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1 January 2003 Sertoli Cells in the Boar Testis: Changes During Development and Compensatory Hypertrophy after Hemicastration at Different Ages
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Abstract

Changes in Sertoli cell numbers and testicular structure during normal development and compensatory hypertrophy were assessed in crossbred Meishan × White Composite males. Boars were assigned at birth to unilateral castration at 1, 10, 56, or 112 days or to remain as intact controls through 220 days. The first testes removed were compared to assess testicular development. At 220 days, testicular structure was evaluated in boars representing the 25% with the largest (Lg) testis and the 25% with the smallest (Sm) testis in each treatment group. The number of Sertoli cells per testis reached a maximum by Day 56 in Sm testis but not until Day 112 in Lg testis boars, indicating a longer duration of Sertoli cell proliferation in Lg testis boars. Unilateral castration of Lg testis boars on Days 1, 10, 56, and 112 caused the weight of the remaining testis to hypertrophy by 149%, 135%, 119%, and 120%, respectively, and total sperm production to increase to 127%, 128%, 97%, and 106%, respectively. However, Sertoli cell numbers changed little in hemicastrate boars. In Lg testis boars, compensatory hypertrophy primarily involved proliferation of Leydig cells and expansion of existing Sertoli cells with little increase in Sertoli cell numbers, but in Sm testis boars, it involved expansion of existing Leydig and Sertoli cells without increase in cell numbers. These results indicate that Lg and Sm testis boars display intriguing differences during both development and compensatory hypertrophy, and they identify a unique animal model for further studies of factors that program and control Sertoli cell proliferation.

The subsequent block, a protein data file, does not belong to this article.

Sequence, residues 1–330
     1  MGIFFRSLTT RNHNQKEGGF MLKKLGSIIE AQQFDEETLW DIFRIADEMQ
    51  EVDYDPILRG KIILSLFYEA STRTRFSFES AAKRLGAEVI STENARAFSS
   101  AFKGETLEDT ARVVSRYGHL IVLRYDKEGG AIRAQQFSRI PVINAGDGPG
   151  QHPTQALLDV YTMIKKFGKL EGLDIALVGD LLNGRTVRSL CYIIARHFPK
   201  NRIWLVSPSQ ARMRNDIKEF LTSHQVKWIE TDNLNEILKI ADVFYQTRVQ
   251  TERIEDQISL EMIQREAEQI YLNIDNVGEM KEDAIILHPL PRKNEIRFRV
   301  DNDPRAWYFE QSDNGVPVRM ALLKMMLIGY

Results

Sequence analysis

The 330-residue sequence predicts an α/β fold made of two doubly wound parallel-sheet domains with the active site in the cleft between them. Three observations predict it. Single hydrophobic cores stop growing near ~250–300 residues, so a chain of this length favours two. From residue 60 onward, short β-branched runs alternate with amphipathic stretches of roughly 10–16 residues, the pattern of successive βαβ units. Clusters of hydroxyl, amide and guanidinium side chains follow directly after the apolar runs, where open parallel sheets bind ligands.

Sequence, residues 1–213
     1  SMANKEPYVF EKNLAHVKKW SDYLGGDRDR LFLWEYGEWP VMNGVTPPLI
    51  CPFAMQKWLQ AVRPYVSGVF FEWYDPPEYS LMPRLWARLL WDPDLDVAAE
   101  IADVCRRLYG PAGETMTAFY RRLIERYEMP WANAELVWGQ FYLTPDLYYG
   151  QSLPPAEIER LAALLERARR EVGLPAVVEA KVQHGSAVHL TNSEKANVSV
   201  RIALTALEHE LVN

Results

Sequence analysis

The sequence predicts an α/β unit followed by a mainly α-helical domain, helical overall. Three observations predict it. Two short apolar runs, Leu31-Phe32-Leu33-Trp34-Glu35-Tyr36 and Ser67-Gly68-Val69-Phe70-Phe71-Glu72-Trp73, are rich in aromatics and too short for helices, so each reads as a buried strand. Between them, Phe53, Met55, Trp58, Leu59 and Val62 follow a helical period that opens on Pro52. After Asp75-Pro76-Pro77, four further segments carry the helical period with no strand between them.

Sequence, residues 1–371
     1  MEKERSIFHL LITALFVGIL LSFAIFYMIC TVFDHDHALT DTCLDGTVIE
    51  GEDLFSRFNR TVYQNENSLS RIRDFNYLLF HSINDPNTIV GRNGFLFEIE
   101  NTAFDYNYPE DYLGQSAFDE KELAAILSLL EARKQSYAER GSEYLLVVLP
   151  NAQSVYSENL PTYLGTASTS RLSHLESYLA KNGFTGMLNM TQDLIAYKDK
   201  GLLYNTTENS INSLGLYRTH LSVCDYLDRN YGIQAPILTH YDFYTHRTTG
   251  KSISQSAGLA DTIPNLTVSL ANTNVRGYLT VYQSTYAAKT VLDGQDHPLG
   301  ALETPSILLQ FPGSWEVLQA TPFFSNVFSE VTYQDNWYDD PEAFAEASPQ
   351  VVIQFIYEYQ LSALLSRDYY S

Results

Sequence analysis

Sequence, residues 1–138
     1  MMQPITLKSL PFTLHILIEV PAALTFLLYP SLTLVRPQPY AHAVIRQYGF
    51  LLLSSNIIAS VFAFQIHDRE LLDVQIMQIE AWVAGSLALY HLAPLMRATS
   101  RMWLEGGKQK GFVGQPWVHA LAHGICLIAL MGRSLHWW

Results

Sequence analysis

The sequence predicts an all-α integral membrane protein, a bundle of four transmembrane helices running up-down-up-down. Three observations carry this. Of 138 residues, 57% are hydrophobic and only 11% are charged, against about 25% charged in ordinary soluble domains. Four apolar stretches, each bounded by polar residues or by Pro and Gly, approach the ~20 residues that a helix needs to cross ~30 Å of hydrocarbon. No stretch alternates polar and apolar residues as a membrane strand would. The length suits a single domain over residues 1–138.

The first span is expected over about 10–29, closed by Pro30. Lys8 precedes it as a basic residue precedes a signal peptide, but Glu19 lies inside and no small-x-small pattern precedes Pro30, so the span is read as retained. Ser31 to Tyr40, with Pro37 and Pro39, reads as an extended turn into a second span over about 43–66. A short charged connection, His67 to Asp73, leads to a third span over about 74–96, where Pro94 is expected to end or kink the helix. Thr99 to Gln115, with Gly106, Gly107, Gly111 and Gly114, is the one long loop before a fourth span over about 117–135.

D. D. Lunstra, T. H. Wise, and J. J. Ford "Sertoli Cells in the Boar Testis: Changes During Development and Compensatory Hypertrophy after Hemicastration at Different Ages," Biology of Reproduction 68(1), 140-150, (1 January 2003). https://doi.org/10.1095/biolreprod.102.006510
Received: 19 April 2002; Accepted: 1 July 2002; Published: 1 January 2003
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